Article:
Automate security audits for source code
Fortify Source Code Analysis Suite 3.0 combines comprehensive inspection and intelligent analysis
The analysis engine is intended to run on a build server. It is designed to slip easily into make files or Ant build files. It runs at speeds comparable to a compiler. In view of the fact that it need be run only on files modified since the last security audit, this does not represent significant overhead.
Perfecting the Process
The Fortify Software Security Manager, which is part of the enterprise edition of the Fortify suite, tracks the security progress of a project. Using it, a manager monitors the number of defects by type and can compare the count with previous audit results. Managers can also change the severity of specific vulnerabilities, depending on the nature of the company's business processes, and then track the resolution of just those items. Fortify's software makes this management process straightforward and intuitive. New rule packs, which are regularly updated by Fortify as crackers find new ways to identify and exploit vulnerabilities, are also added through this management console.
I ran Fortify on C/C++ and Java code bases from open source projects and applications developed by me, and I found the analysis to be deep and comprehensive. As it will for almost any developer, Fortify has led me to change the way I write many routines, which ultimately is the whole idea: improving security by making programmers more aware of security vulnerabilities. To this end, Fortify plans to release plug-ins for Eclipse and Visual Studio .Net that enable developers to quickly verify their code before checking it in to the source control systems.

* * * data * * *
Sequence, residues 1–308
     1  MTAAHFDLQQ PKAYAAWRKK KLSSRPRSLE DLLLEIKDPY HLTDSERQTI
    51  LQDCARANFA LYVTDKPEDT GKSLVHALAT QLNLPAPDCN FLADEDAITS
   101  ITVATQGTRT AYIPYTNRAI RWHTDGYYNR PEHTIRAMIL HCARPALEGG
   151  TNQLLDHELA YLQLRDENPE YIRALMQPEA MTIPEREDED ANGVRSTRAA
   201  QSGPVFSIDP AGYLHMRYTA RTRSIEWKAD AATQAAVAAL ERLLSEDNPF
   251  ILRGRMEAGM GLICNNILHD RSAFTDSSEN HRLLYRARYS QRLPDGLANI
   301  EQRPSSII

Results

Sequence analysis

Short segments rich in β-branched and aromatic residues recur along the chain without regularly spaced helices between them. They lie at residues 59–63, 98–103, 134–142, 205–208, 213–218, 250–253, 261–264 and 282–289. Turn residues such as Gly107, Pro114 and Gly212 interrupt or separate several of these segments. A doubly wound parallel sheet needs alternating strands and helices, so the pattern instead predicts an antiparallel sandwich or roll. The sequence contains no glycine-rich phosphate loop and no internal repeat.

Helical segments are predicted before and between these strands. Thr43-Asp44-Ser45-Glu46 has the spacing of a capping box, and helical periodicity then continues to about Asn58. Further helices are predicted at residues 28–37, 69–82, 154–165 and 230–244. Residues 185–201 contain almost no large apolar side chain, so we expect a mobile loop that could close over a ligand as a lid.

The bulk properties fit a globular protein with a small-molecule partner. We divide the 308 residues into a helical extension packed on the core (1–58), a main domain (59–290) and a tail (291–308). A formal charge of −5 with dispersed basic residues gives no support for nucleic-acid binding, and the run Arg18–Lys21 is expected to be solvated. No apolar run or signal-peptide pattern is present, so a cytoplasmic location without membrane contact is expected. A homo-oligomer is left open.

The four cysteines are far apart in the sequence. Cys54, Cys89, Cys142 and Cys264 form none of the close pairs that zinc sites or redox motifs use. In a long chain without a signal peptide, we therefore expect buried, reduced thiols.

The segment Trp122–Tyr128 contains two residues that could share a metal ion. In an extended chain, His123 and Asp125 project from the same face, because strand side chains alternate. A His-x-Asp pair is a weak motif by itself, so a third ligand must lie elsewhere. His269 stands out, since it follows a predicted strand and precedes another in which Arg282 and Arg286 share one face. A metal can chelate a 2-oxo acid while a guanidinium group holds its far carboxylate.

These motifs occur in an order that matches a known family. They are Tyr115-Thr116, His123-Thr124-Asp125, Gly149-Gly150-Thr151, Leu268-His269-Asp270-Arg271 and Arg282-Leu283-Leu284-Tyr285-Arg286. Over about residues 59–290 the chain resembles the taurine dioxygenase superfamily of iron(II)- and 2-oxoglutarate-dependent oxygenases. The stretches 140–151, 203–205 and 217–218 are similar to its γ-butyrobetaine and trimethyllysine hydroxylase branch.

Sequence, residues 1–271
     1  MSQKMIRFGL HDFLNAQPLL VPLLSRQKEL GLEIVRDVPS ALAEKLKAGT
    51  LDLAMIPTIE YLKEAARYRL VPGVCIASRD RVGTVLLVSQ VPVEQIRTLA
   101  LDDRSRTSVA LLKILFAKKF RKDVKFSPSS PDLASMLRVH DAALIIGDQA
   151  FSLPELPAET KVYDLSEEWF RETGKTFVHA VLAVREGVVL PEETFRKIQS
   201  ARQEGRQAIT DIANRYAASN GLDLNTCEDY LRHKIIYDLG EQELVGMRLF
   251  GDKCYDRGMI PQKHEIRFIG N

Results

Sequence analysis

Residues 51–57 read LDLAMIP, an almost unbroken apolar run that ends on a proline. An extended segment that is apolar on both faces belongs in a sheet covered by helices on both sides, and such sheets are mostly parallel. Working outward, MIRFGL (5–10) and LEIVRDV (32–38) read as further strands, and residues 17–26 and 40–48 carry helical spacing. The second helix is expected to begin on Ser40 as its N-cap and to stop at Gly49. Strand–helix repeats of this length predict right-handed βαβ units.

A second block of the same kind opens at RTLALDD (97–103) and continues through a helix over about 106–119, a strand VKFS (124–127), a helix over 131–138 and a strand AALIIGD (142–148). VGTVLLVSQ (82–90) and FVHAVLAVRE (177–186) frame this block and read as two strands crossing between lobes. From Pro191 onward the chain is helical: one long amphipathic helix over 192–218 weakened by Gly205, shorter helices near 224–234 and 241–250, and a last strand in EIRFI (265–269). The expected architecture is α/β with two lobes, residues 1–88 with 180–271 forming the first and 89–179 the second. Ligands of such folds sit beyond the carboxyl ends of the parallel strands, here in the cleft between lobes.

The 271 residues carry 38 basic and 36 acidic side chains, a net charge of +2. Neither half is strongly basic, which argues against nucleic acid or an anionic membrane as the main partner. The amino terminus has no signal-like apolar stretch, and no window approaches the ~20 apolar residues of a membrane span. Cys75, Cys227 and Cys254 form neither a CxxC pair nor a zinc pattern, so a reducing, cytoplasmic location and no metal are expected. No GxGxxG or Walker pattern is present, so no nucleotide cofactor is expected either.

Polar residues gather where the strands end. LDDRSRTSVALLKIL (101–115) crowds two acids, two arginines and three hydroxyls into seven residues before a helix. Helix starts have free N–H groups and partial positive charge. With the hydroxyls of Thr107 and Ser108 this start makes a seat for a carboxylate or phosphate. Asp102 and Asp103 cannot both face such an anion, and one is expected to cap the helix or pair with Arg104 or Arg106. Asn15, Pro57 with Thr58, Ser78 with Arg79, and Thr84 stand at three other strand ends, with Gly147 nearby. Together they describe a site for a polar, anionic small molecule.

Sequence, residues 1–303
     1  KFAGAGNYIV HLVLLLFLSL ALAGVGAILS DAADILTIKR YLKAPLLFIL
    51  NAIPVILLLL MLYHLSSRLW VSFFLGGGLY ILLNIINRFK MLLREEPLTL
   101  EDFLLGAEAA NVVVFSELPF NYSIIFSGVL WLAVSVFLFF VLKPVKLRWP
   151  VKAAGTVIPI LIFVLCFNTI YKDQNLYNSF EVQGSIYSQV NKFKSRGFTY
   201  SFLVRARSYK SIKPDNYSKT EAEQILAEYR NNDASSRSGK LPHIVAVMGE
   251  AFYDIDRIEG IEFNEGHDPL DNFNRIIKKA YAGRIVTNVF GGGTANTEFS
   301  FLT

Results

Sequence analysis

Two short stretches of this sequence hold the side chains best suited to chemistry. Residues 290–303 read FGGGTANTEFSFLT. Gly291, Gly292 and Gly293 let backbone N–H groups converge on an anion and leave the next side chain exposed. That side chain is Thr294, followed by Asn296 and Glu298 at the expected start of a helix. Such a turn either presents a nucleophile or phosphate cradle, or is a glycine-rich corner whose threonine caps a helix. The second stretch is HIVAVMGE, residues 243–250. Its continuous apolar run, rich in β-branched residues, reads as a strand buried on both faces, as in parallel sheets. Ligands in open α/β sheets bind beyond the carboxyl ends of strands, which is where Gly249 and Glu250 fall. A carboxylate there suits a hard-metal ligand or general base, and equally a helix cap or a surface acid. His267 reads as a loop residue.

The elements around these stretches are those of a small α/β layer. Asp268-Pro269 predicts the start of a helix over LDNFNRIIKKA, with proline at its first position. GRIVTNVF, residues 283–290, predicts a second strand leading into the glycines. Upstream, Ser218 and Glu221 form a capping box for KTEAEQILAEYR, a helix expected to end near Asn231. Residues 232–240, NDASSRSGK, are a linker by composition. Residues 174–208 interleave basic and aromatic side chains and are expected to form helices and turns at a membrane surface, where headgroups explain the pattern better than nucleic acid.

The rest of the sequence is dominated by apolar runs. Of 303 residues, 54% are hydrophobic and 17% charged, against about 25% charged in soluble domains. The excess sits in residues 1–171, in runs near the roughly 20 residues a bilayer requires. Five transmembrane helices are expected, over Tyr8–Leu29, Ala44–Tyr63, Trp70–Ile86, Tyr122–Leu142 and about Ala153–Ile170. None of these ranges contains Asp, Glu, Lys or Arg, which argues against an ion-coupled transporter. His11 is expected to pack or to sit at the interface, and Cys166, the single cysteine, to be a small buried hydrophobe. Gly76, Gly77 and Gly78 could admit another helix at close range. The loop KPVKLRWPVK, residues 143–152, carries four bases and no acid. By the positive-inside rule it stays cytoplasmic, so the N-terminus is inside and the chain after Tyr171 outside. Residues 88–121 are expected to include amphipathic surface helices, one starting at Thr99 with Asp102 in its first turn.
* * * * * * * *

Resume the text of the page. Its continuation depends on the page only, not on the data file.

The suite did have some shortcomings, mostly in secondary areas. One serious problem was its inability to change projects. When I closed an existing project in the Workbench and opened another, the display included data from both projects, which makes for nonsensical displays in the best cases, incorrect actions in the worst. The company is aware of this bug.
In addition, the GUI is cumbersome in many instances -- buttons are placed in unconventional places, they lead to unexpected features, and the help functions are frustratingly insufficient -- all of which make the product unnecessarily difficult to use. The other issue is pricing, which starts at $56,400 per CPU. (A team edition that lacks the manager console and the ability to write custom rules starts at $30,000.) Sure, closing a security loophole can be a nearly priceless improvement, but Fortify's price is certain to deter adoption at many sites.
Checking software for security vulnerabilities is something that needs to be done regularly by knowledgeable developers. Unfortunately, the necessary expertise is hard to come by. Many shops publish insecure code because they don't have the qualifications to perform good code reviews or the tools that can analyze their code deeply. Fortify's Source Code Analysis Suite provides a comprehensive solution that intelligently analyzes code bases and generates detailed, usable reports of vulnerabilities.